Davis became a fugitive and fled California. She evaded the police for more than two months before being captured in New York City. John Abt, general counsel of the Communist Party, was one of the first attorneys to represent Davis for her alleged involvement in the shootings. While being held in the Women’s Detention Center there she was initially segregated from the general population, but with the help of her legal team soon obtained a federal court order to get out of the segregated area.

In 1972, she was tried, and the jury returned a verdict of not guilty. The mere fact that she owned the guns used in the crime was not sufficient to establish her responsibility for the plot. John Lennon and Yoko Ono wrote the song “Angela” on their 1972 studio album “Some Time In New York City” to show their support. Mick Jagger, of the Rolling Stones, wrote the song “Sweet Black Angel” in her support. The song was released in 1972 on the album Exile on Main Street.

She achieved tenure at the University of California at Santa Cruz despite the fact that former Governor Ronald Reagan swore she would never teach again in the University of California system. She taught me that revolution was of the mind and knowledge is the power needed to fight the power! And that’s my thought provoking perspective…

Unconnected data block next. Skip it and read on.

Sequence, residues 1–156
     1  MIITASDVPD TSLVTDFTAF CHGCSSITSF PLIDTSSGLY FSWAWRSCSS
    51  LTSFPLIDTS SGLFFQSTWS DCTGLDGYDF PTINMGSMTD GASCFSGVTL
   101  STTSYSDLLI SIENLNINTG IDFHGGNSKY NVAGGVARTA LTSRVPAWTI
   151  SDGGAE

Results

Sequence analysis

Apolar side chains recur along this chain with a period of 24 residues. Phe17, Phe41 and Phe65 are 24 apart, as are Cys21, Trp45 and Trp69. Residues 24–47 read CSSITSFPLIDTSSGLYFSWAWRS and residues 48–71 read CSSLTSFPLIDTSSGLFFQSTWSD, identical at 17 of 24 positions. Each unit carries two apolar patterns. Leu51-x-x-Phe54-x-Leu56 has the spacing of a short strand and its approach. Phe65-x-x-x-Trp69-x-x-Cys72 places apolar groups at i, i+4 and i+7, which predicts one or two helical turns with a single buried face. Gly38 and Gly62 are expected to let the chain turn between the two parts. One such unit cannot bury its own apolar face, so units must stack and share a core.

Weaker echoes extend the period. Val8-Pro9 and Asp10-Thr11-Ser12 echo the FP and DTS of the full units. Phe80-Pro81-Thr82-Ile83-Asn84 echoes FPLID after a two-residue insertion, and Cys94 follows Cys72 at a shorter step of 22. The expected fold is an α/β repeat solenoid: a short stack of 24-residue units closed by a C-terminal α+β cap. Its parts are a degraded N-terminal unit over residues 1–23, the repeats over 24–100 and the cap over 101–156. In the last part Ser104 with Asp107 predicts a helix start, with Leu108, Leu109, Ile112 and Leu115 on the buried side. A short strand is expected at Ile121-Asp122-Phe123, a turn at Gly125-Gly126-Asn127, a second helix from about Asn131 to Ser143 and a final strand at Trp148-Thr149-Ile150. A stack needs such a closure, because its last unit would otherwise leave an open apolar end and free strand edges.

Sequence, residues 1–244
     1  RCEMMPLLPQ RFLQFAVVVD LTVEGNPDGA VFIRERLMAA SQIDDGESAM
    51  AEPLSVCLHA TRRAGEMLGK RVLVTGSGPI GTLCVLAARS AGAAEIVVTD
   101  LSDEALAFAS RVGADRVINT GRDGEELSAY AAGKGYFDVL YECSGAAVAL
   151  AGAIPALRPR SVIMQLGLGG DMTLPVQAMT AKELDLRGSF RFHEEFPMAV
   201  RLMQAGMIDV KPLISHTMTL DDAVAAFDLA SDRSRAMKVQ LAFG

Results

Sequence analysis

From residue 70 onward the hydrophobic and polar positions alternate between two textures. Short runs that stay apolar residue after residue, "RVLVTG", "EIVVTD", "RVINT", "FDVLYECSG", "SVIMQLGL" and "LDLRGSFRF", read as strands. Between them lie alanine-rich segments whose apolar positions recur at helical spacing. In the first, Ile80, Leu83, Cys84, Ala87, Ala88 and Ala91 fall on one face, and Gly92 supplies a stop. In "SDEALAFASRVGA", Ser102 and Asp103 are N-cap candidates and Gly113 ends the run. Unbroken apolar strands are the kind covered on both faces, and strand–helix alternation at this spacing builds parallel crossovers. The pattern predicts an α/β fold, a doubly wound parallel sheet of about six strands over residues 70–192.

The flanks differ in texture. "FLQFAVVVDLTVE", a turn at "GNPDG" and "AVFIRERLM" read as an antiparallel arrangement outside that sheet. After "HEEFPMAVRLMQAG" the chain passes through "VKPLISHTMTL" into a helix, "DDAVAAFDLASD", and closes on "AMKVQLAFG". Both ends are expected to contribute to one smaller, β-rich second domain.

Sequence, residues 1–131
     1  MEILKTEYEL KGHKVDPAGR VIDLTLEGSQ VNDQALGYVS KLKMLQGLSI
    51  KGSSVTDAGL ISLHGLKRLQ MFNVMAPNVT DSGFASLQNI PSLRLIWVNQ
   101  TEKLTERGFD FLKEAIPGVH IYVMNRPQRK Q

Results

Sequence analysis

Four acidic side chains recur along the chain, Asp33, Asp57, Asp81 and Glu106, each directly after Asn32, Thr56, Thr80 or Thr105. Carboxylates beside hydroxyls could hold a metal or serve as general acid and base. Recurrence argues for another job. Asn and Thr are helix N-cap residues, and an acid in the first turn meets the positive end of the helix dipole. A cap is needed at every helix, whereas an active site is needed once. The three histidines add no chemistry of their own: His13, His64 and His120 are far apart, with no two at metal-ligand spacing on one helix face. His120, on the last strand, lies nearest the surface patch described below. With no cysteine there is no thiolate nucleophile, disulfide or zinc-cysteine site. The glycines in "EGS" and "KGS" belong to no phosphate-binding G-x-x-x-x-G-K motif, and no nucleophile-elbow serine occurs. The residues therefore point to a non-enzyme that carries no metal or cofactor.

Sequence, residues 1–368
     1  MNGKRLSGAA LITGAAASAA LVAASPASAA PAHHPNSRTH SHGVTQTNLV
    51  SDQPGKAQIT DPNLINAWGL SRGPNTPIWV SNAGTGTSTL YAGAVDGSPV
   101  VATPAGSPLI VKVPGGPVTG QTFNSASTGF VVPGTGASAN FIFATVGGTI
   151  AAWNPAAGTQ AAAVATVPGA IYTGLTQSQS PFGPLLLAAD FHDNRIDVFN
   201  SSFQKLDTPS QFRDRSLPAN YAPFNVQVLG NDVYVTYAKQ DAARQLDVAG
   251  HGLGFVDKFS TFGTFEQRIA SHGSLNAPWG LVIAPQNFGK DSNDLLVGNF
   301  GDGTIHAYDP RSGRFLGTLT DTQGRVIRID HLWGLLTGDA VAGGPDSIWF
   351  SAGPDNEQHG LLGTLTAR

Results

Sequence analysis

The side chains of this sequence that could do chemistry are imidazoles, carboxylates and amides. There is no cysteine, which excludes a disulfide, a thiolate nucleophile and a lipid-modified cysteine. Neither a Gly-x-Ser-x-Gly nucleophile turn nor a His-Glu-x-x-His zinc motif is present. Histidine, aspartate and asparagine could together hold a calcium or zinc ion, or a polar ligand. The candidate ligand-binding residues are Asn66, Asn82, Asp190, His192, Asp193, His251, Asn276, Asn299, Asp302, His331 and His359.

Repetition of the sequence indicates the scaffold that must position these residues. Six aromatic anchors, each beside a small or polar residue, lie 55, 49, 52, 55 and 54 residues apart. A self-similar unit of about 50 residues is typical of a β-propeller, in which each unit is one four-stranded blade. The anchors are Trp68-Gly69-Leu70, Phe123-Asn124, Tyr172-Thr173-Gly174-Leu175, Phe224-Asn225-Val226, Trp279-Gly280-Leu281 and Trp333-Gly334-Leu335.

From the Angela Davis Bio


Warrior Princess Assata Shakur

007_1000There has been much talk about Cuba since the president changed the government’s policy and the normalizing relations. One of the misconceptions about Cuba or at least the faces we see are white; not true. Most of the island’s population is made up of the descendants of African slaves. One thing of great concern to some is that the agencies tasked with law enforcement will try to seek extradition for Assata Shakur exiled there for many years.

I lived through the 1960s and witnessed the excessive efforts government agencies used to destroy black leaders and organizations all over the country. When they talk about terrorism, the government failed to address militias or the KKK. In fact, every black person is a political prisoner because our forefathers were kidnapped from our native lands.